The longer term success of this seminar needs to be evaluated through the performance and the commitment of the TAs, and the extent to which TA representatives are carrying out their post-workshop projects. With regards to BELTA, we have organised workshops to address issues BELTA had identified as major challenges – ‘Personal Effectiveness’ and ‘Leadership Growth’. BELTA had also identified the challenge of keeping its regional Chapters alive and interested. With this in view, a bilingual Chapter Handbook has been devised, providing realistic and user-friendly guidelines for new Chapters to be mentored and to develop into effective TA entities.

The most significant post-seminar outcome was the Peer Support Review (PSR) that was initiated in Sri Lanka during SLELTA‘s International Conference the following year. Again supported by the British Council, two representatives from among the seven TAs attended – first undertaking training on PSR, then carrying out the actual review and finally giving feedback to the host TA, SLELTA. Simultaneously, the visiting participants represented their respective TAs on a Panel Discussion and presented papers at the SLELTA conference. Similar PSRs were carried out later at other conferences, including during BELTA’s international conference in 2015.

To conclude, although BELTA members all have regular jobs with professional, social and personal commitments, BELTA is fortunate in having a core group of motivated and hard-working individuals who believe in the following: Coming together is a beginning. Keeping together is progress. Working together is success.

About Arifa

Arifa Rahman

Arifa Rahman, Ph.D, Professor of English Language & Teacher Education, University of Dhaka, Bangladesh, and Immediate Past President, BELTA, is an English language teacher-educator and researcher. She is also an editor, reviewer and educational consultant. With numerous international publications, she has presented widely at national and international conferences. She is passionately involved with BELTA activities. You can contact her on [email protected] and you can also visit BELTA’s website.

Contribute to the blog

If you’re a member of IATEFL and would like to contribute to the blog, we’d love to hear from you at blog (at) iatefl (dot) org. We’re looking for stories from our members, news about projects you’ve been involved in, and anything else you think those connected to English language teaching would be interested in ready. We look forward to hearing from you! If you’re not a member, why not join us?

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11 Responses to Bangladesh English Language Teachers Association (BELTA) (by Arifa Rahman)

  1. Mohammad Zakir Hossein says:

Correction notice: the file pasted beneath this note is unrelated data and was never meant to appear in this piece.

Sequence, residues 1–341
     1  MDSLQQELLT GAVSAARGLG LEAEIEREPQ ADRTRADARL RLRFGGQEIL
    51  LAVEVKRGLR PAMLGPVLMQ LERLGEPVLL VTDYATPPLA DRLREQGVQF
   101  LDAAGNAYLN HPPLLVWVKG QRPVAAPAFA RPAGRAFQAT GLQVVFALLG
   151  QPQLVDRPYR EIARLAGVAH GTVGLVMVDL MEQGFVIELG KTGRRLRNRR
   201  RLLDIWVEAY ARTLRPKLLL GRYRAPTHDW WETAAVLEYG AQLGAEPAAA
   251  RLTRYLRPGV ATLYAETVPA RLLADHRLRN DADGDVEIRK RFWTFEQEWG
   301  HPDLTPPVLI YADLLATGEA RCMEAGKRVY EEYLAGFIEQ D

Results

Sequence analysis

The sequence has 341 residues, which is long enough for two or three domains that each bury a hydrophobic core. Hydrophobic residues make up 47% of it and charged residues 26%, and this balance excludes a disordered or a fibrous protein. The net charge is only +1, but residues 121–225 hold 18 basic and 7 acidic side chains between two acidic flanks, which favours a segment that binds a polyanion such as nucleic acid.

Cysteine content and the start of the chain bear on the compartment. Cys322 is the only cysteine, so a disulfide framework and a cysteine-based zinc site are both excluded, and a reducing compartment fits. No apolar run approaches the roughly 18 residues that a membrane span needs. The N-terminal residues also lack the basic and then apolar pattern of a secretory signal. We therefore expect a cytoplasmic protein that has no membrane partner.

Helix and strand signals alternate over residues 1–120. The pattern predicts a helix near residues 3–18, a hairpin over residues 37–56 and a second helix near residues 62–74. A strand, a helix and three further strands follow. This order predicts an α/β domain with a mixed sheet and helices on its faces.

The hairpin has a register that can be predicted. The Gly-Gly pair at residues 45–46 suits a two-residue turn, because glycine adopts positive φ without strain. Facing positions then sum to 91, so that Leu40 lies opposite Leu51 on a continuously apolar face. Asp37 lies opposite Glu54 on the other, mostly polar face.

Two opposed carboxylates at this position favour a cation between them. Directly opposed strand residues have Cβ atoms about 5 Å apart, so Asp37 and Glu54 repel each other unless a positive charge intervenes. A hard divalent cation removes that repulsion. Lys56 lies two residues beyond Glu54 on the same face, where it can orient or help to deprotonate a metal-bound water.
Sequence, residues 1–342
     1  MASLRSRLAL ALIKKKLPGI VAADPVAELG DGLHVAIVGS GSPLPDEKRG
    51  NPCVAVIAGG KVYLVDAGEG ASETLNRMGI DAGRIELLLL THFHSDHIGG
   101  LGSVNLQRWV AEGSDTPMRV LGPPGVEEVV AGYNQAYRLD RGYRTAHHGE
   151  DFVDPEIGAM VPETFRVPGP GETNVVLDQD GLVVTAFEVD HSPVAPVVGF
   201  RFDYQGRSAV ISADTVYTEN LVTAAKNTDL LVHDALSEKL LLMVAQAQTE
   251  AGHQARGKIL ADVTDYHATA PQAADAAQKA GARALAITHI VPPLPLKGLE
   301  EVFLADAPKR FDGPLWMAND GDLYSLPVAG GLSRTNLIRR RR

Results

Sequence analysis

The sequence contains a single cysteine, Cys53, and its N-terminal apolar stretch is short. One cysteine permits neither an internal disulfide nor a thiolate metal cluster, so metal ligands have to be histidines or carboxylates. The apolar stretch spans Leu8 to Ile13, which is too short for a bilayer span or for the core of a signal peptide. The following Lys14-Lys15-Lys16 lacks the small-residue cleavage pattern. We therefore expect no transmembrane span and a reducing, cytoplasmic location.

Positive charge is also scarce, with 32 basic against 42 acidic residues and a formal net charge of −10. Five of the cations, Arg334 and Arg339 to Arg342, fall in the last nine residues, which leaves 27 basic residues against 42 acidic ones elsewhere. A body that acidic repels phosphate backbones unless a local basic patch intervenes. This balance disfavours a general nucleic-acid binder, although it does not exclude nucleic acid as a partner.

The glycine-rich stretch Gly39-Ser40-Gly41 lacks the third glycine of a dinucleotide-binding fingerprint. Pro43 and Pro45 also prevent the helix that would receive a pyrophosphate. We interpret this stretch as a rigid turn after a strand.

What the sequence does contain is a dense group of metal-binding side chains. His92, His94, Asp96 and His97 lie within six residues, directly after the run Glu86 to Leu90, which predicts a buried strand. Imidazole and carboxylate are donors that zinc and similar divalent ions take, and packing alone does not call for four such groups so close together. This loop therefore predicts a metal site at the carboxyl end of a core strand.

I want to be a member of BELTA. I am an English Teacher in secondary level.
    pls tell me the processings.


    Mohammad Zakir Hossein

    • sandymillin says:

      Dear Mohammad,
      Thank you for your comment. To become a member, I would recommend contacting Arifa using the email address from the post. I am sure she would be happy to tell you more.
      Good luck,
      IATEFL blog curator, on behalf of the IATEFL Membership Committee

      • Nasrin Anjuman Runi, chapter coordinator, Gazipur says:

        Thank you very much for your interest. As BELTA has 13 chapters you can join the chapter. actually which chapter you belongs? Your district please.Beside this you can contact with Mosuire – cell phone – 01721347803.

  2. I am very much inclined to be a member of belta. But procedures are not available..pls help me enjoy the smile experience of belta..

    • sandymillin says:

      Dear Mohammed,
      Please contact BELTA using the information in Arifa’s bio or by going through their website. Good luck!
      Sandy (blog curator)

  3. Mst.Jesmin Bagum says:

    I want to be a member of Belta. I am a lecturer in English. Please help me in this regard.

  4. Hasinul says:

    Those Bangladeshi professionals who would like to be a member of BELTA, please visit site.

  5. Md. Abdul Hannan says:

    sir i want to be a member of BELTA. i am an assistant teacher of secondary level school
    chauddagram secondary pilot girls school,chauddagram cumilla.

    • sandymillin says:

      Please use the website link in the comments to help you to join – you should find all of the information you need there.

      • Nasrin Anjuman Runi says:

        Communicate with the chapter coordinator, comolla.
        His name is Munshi Abdul Khaleque. English Teacher Daffodil College , Comilla.

  6. SALMA ZAMAN says:

    I want to be a member of BELTA. I have been serving as an English teacher at secondary level for 26 years.